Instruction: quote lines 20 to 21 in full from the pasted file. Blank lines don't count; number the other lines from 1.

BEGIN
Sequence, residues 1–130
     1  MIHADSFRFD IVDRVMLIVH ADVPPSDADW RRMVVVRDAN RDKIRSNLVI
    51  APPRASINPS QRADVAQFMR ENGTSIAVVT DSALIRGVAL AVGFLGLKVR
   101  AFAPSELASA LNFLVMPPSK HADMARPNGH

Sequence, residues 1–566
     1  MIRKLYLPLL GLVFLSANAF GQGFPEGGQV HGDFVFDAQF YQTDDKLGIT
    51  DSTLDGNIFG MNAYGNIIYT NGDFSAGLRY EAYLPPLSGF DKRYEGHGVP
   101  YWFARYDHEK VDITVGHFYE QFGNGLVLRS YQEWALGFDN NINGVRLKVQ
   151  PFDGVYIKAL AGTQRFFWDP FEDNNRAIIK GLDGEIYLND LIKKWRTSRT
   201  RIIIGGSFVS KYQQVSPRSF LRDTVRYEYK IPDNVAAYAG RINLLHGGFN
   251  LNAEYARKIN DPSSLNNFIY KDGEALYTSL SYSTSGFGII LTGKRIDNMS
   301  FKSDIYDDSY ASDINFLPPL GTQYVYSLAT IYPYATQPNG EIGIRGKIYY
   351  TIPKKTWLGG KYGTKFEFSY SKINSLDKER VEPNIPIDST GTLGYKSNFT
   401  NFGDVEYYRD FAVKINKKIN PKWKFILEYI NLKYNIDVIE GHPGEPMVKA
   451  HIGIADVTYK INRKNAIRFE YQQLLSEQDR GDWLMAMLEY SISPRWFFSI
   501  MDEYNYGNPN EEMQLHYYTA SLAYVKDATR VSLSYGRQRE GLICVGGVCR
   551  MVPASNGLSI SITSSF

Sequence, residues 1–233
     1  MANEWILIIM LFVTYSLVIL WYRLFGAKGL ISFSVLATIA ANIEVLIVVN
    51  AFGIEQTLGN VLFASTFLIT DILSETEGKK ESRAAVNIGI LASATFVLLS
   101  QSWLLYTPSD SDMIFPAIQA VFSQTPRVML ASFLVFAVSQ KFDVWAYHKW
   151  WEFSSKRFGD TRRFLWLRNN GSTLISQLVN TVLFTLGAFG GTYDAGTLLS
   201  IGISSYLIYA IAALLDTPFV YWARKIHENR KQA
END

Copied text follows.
    51  AFGIEQTLGN VLFASTFLIT DILSETEGKK ESRAAVNIGI LASATFVLLS
   101  QSWLLYTPSD SDMIFPAIQA VFSQTPRVML ASFLVFAVSQ KFDVWAYHKW